Giovanni Borgia (Infans Romanus)
Giovanni Borgia (March 1498 – 1548), known as the Infans Romanus ("the Roman child"), was a child born into the Borgia family in secret and is of unclear parentage. Speculations of the child's parentage involve either Lucrezia Borgia as his mother, or Cesare Borgia, or Pope Alexander VI as his father. Some believe Lucrezia conceived Giovanni with her alleged lover, Perotto Calderon, while others believe that either Cesare or Rodrigo fathered the boy with a lover. A more lurid theory is that perhaps Lucrezia was his mother and either Cesare or Rodrigo was the father.
Pope Alexander VI issued two papal bulls, both dated 1 September 1501, in each of which a different father is assigned to Giovanni Borgia. The second bull appears to supplement and correct the first. Cesare Borgia's biographer Rafael Sabatini says that the truth is fairly clear: Alexander fathered the child with an unknown Roman woman.
The first of these Bulls, addressed to "Dilecto Filio Nobili Joanni de Borgia, Infanti Romano", declares Giovanni Borgia to be a child of three years of age, the illegitimate son of Cesare Borgia, unmarried (as Cesare was at the time of the child's birth), and of a woman (unnamed, as was usual in such cases), also unmarried.
The second declares Giovanni Borgia instead to be the son of Pope Alexander VI himself and runs: "Since you bear this deficiency not from the said duke, but from us and the said woman, which we for good reasons did not desire to express in the preceding writing". The pope was forbidden by canon law to publicly recognize children and did not wish that Giovanni Borgia should suffer in his inheritance as a consequence. Precisely at the same date, the final arrangements were made for Lucrezia Borgia's betrothal to Alfonso d'Este, duke of Ferrara.
Giovanni Borgia appeared as a companion of Lucrezia Borgia, who named him as her younger half-brother. Pope Alexander VI, in two bulls excommunicating members of the Savelli and Colonna families and confiscating their properties, was able to name Giovanni Borgia as heir to the duchy of Nepi, a property important to the Borgia family. Giovanni Borgia was also named duke of Palestrina on 17 September 1501.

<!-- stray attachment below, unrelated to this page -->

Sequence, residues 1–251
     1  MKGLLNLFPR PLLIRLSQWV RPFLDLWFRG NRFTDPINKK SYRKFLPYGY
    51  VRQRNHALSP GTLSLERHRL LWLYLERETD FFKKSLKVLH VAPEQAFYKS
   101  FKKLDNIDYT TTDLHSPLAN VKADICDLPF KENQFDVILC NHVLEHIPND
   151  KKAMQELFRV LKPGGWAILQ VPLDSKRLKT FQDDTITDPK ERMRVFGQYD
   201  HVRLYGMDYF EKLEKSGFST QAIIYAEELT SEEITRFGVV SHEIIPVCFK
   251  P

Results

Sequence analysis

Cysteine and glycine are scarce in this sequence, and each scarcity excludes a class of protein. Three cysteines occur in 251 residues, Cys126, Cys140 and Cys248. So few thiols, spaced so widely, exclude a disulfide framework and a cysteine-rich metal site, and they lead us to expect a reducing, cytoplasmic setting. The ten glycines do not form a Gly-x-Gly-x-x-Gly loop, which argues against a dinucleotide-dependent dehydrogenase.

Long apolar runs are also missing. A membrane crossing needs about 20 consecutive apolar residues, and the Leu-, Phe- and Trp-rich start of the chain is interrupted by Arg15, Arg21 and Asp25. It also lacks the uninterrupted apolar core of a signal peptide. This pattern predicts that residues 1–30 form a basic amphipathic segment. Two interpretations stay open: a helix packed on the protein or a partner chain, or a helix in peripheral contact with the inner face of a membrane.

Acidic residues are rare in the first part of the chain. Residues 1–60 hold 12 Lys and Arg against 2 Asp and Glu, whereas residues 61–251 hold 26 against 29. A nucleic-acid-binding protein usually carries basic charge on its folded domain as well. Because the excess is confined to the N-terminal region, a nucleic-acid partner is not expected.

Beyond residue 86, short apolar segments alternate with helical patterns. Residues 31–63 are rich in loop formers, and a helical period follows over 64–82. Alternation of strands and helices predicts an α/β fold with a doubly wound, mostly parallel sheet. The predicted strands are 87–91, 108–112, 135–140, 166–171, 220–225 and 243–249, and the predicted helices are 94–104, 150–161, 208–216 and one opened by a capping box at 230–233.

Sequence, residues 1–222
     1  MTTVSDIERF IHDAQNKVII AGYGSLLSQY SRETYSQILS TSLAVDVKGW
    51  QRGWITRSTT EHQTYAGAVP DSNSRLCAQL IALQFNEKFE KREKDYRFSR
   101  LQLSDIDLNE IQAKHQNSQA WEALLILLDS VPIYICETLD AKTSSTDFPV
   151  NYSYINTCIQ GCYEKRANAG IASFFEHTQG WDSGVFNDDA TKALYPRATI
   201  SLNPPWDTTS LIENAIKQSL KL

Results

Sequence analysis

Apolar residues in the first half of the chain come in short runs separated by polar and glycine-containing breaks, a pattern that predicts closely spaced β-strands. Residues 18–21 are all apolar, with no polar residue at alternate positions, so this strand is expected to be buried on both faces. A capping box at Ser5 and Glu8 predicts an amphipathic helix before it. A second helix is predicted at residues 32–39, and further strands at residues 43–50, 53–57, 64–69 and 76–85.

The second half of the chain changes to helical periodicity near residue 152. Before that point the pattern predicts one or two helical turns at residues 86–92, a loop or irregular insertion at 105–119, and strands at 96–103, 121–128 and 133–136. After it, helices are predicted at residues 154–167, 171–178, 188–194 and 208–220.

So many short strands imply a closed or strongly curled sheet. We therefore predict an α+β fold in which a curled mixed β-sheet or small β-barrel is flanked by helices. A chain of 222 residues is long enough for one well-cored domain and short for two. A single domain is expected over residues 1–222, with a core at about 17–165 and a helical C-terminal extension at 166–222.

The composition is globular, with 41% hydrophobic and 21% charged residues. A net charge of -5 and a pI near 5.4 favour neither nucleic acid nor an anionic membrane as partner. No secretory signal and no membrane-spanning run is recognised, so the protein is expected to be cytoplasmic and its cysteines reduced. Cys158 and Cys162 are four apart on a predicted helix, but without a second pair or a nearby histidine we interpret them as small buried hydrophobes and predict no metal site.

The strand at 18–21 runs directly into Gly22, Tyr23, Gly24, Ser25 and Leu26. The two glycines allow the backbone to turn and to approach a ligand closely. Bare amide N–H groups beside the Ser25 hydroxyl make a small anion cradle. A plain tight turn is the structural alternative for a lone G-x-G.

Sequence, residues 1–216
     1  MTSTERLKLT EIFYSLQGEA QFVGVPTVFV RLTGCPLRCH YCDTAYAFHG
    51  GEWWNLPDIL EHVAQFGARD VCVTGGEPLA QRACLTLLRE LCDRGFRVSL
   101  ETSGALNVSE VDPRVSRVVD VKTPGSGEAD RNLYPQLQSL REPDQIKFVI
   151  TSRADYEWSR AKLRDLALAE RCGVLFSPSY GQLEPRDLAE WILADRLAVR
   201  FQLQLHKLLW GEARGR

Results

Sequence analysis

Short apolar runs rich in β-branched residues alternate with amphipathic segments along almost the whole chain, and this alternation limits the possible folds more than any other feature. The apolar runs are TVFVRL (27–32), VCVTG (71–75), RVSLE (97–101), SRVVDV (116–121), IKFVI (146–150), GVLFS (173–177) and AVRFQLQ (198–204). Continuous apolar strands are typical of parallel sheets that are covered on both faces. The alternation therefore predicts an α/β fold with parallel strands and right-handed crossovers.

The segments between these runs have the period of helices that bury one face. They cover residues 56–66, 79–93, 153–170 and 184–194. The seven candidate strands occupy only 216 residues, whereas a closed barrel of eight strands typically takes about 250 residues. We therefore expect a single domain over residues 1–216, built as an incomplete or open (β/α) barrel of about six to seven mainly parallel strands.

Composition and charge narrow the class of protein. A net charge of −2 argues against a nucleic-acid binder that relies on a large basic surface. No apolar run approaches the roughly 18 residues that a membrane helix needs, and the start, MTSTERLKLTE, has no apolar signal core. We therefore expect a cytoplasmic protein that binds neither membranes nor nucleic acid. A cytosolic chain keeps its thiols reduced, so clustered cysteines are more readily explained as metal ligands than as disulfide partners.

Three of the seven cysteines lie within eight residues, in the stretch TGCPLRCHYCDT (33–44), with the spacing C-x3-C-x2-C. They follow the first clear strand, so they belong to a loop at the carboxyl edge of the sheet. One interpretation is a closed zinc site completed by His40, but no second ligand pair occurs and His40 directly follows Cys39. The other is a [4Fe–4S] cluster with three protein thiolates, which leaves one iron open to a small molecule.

Giovanni Borgia was passed from guardian to guardian, eventually ending up with Lucrezia Borgia in Ferrara. Giovanni Borgia held several other titles, including the signory of Vetralla, but never succeeded in possessing his titles. After a career serving as a minor functionary in the Papal Curia and at the court of France, he failed to gain much power and eventually died relatively unknown with three daughters who inherited his titles.
Hella S. Haasse constructed a historical novel around the figure of Giovanni Borgia, The Scarlet City (1952).
In the historical setting of the Assassin's Creed series, Giovanni Borgia is depicted as the love child of the star-crossed union between Lucrezia Borgia and Perotto Calderon, a courier who was secretly a member of the Assassins, who were working to bring down their sworn enemies, the Knights Templar (currently led by the Borgias). Giovanni is born malformed and deemed likely to die in a few days, but is healed by a powerful artifact. He is raised in the Borgia household, with Cesare Borgia posing as his father and Lucrezia as his aunt. To flee the life Cesare is grooming him for, Giovanni runs away to join Francesco Vecellio, Calderon's understudy, in the Assassin Order. Thereafter Giovanni serves as an operative for the Assassins, having an affinity for artifacts of power. For example, in 1520, he poses as a chronicler on Hernán Cortés's first voyage to Mexico (witnessing the Night of Sorrow), where he obtains a crystal skull. In 1527, he encounters Paracelsus and assists in the creation of a philosopher's stone.